Flea beetle devastation sees OSR grower consider ploughing

Significant crop damage caused by cabbage stem flea beetle has prompted Robert Law to seriously rethink how he will establish affected crops this year at his  1,500ha Thrift Farm near Royston.

Cereals, turnips, mustard, forage rape for seed and sugar beet are grown, together with 300ha of grassland supporting a flock of 2,500 ewes. He also manages 500ha of Nottinghamshire sandland.

See also: Backward oilseed rape crops suffer flea beetle larvae attacks

Nearly all of the 89ha of forage rape grown for seed at Thrift Farm, together with more than 40ha of stubble turnips (grown for both seed and forage) were lost to flea beetle last autumn, causing financial loss and significant disruption to the farm’s rotation and sheep enterprise.

Cabbage stem flea beetle advice

  • Monitor larvae to gauge local populations (May/June)
  • Monitor game covers/spring crops for adult flea beetle pressure
  • Drill OSR early, but only if adequate soil moisture
  • Focus on good seed-bed conditions, moisture conservation and seed-to-soil contact
  • Consolidate by rolling, twice if necessary in alternate directions
  • Monitor closely and spray with pyrethroid at first threshold level
  • Apply a seed-bed starter fertiliser of nitrogen and phosphate to promote early growth and rooting

Some crops were redrilled straightaway, and despite repeated pyrethroid applications, further losses meant all bar 8ha of stubble turnips went into other crops, including oats, rye and barley.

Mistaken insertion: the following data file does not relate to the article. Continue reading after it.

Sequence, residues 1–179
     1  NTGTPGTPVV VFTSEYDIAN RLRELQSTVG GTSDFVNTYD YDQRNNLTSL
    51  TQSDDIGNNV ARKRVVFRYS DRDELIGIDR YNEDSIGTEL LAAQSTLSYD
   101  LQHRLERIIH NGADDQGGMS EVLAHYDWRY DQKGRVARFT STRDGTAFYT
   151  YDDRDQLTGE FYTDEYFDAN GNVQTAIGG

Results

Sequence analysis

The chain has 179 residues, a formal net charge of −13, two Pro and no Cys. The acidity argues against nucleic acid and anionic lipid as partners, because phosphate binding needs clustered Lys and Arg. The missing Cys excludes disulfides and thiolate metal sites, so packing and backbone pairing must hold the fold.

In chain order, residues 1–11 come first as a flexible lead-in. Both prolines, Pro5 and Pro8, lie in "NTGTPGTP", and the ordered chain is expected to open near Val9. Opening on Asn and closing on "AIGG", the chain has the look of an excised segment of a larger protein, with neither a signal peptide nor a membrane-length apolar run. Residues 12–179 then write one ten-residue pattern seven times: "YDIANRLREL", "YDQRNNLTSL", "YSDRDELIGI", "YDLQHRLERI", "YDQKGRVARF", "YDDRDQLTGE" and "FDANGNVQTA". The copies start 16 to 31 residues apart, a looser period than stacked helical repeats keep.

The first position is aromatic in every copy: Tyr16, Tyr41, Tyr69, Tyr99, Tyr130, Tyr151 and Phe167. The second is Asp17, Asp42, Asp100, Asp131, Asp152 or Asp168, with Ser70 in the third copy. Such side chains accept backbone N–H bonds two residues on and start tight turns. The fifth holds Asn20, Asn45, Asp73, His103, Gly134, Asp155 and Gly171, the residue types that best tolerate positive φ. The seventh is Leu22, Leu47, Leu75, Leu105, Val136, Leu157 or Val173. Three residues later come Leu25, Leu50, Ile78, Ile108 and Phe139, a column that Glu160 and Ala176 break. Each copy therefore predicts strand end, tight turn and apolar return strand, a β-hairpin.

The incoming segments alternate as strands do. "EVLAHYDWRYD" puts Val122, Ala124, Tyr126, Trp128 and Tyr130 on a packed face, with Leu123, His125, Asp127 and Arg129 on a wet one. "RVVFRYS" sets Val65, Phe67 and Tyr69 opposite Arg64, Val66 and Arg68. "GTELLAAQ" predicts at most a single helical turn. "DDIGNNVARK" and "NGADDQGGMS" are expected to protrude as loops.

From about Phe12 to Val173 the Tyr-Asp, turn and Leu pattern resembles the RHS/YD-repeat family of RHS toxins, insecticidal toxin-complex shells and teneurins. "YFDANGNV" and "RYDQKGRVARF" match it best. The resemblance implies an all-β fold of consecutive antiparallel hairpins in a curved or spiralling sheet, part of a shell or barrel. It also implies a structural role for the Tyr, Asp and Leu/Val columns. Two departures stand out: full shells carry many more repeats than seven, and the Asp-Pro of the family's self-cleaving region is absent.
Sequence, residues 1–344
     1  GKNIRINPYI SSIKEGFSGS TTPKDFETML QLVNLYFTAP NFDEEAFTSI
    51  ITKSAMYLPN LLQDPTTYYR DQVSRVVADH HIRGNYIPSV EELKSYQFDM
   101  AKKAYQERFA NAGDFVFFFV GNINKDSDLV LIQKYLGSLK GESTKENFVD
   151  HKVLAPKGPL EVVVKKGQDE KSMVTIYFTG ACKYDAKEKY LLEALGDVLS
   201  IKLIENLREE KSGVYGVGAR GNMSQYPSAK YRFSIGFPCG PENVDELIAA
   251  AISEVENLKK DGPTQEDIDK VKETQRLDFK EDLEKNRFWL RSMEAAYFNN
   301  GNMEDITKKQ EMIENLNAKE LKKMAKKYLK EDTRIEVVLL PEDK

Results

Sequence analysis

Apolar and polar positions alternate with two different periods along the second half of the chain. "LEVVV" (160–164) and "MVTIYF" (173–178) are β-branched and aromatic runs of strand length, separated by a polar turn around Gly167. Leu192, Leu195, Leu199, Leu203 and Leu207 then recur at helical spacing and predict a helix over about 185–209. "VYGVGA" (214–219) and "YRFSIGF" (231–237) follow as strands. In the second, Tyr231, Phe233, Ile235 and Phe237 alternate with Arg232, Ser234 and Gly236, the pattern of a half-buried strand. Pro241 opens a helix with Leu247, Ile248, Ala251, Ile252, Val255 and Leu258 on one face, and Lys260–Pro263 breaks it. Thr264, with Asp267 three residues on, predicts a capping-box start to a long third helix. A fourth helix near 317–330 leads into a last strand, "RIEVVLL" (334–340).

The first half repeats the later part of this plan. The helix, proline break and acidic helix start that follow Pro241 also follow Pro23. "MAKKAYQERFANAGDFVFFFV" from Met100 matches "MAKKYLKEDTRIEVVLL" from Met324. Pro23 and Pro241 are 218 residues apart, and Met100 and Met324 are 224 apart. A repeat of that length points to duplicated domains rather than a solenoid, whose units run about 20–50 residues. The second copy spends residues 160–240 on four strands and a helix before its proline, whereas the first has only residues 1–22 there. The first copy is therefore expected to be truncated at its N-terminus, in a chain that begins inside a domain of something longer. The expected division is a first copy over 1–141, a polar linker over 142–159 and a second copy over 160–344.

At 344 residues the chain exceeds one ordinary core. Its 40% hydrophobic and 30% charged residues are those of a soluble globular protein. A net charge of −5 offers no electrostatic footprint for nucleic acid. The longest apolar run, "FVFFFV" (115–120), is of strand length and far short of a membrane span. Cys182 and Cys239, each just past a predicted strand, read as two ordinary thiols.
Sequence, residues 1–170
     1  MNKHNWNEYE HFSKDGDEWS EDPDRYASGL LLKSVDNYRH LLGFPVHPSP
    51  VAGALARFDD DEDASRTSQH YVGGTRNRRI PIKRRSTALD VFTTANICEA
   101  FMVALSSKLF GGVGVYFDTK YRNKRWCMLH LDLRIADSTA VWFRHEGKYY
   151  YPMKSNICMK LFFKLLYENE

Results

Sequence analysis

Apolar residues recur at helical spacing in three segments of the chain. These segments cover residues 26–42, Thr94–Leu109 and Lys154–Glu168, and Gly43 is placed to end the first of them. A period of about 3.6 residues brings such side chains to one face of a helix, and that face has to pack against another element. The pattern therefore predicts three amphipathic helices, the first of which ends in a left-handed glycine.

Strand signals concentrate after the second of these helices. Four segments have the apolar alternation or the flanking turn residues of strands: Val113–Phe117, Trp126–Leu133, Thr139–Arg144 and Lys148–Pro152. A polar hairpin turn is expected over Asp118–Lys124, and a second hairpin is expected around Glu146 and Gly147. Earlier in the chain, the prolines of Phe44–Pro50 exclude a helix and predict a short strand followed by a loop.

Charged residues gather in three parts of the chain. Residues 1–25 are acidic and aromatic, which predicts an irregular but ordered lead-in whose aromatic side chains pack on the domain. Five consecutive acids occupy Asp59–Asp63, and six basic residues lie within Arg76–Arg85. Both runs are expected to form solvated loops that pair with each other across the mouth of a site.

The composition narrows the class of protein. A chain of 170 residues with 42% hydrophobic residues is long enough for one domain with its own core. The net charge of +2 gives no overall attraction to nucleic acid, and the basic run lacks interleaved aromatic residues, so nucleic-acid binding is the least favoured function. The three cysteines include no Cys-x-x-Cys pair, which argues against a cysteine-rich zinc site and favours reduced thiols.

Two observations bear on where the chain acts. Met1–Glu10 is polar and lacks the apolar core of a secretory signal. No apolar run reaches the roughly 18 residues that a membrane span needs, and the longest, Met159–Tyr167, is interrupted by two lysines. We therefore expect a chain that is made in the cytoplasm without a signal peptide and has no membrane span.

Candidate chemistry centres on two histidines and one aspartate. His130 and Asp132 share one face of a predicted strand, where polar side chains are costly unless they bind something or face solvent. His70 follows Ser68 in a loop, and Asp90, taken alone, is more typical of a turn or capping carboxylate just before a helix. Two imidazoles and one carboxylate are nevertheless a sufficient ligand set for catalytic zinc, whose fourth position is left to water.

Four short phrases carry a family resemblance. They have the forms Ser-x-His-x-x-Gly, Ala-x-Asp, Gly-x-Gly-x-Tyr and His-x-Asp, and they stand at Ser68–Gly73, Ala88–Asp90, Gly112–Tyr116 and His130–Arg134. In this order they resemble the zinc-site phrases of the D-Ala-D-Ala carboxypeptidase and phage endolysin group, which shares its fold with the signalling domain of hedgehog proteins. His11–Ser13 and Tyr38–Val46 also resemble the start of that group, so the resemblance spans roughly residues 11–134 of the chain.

“Although crops emerged well, they were gone in just a day or two and we lost nearly everything by the end of September,” Mr Law says. “Although we managed to redrill land with other crops, losing a key break crop has really messed up our arable rotation.”

He acknowledges losses may have been exacerbated by the relatively poor establishment achieved with the Sumo-mounted broadcaster last autumn.

“It is a system that has worked well on our light, chalky loams for several years, but last September was very dry and land wasn’t consolidated well, so crops were a sitting target for flea beetle in some ways.”

The only crop to make it through the winter was the 8ha of stubble turnips that were resown with the Horsch drill, and he believes there may be a case for going back to more traditional plough, cultivate, drill and roll-based establishment.

“It is certainly an option we are considering. These are bread-and-butter crops to us that we have been growing for seed over many years and can’t afford to just give up on and stop growing.

“Even when we were able to use [neonicotinoid] treated seed in the past, we only did so occasionally, yet never experienced a problem like last autumn, so it remains to be seen whether it was a one-off or is a sign of things to come. Interestingly, the stubble turnips we grew in Nottinghamshire were marvellous and didn’t need spraying [for cabbage stem flea beetle] at all.

“The bigger issue is the fact pyrethroids just didn’t seem to be working,” he adds.

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